By food processor:

  1. Freeze your butter until hardened, then use the grater attachment of your food processor to shred it. If you don't have the grater attachment, use a bench scraper to cube cold but not frozen butter into 1/2-inch pieces. Freeze the cubed butter for 10 minutes.

  2. In the bowl of a food processor, add the flour, sugar, and salt. Pulse a few times to combine. Add the cold grated or cubed butter and pulse for about 30 seconds, or until the butter pieces are uniform in size.

  3. Drizzle a few tablespoons of water on the mixture and pulse briefly a few times to moisten. Continue adding the remaining water until the dough sticks together and stays stuck when pressed between two fingers. It’s okay if the dough is still crumbly and messy.

  4. Turn the mixture out onto a clean work surface. Use your hands to press the dough together into a craggily mass. Gently fold one half of the dough over and onto itself, repeating this three times, until it’s come together into a cohesive mass.
  5. Use a bench scraper to cut the dough in half (if making double crust). Wrap each half in plastic. Press down each plastic wrapped dough to create a 4-inch wide disk shape. Refrigerate at least six hours, preferably overnight.

Roll out the dough:

  1. Let the dough sit at room temperature for 5 to 10 minutes, or until slightly pliable.
  2. Roll the dough out on a floured work surface. Keep turning the dough after every roll to ensure it doesn’t stick to the counter and is of even thickness. Add additional flour to the dough, the counter, and your rolling pin as needed. Roll out into a 12-inch circle about 1/8-inch thick.
  3. Gently roll the dough up and around the rolling pin, then unroll and drape over a 9-inch pie tin. Gently press into the pie tin, being careful to avoid stretching it to fit. Use scissors or a knife to trim the excess dough, leaving a 1-inch overhang. Fold the overhang under itself and crimp or flute. Pierce the base of the dough with a fork.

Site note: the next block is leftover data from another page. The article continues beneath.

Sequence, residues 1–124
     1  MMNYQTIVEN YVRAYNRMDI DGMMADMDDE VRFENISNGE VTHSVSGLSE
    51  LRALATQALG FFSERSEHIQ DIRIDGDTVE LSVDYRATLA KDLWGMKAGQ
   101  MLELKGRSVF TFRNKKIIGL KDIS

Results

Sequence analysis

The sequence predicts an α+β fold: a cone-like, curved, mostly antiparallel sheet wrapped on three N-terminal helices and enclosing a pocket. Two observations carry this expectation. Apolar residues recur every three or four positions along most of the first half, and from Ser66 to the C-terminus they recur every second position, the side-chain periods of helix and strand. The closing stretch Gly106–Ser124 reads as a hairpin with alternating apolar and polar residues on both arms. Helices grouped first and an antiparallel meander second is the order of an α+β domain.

4. Repeat above rolling process if making a double crust pie.
  5. Wrap the dough in plastic and refrigerate for at least 2 hours, or overnight. At this point consult your recipe directions for how to use the dough or follow options below.

Bake dough:

  1. If the pie recipe calls for a prebaked shell, preheat the oven to 425°F. For an extra crispy bottom crust, place your oven rack on the bottom shelf and if you have one, bake on a preheated baking stone.

  2. Line the chilled crust with foil. Fill the crust completely to the rim with pie weights, rice, or dried beans.

  3. Place on a rimmed baking pan.
  4. To par-bake if baking again with filling:
  5. Bake for 15 to 17 minutes, or until just beginning to brown and no longer raw.

To bake completely:

  1. Bake for 20 minutes or until solidified. Remove foil and weights. Continue to bake until totally browned at the edges with light browning in the center, about another 7 to 10 minutes.

Course : Dessert
Cuisine : American

This recipe was originally published in 2017 and updated in 2020 with recipe improvements, updated tips, and new photos. Photos by Ashley McLaughlin.

October 2021 Baking Challenge

This recipe was the October 2021 selection for our monthly baking challenge! Every month you can join the challenge by baking the recipe and snapping a photo for a chance to win prizes! Click here for full challenge details. Take a look at everyone’s pies:

Tessa Arias
Author: Tessa Arias

I share trusted baking recipes your friends will LOVE alongside insights into the science of sweets. I'm a professionally trained chef, cookbook author, and cookie queen. I love to write about all things sweet, carb-y, and homemade. I live in Phoenix, Arizona (hence the blog name!)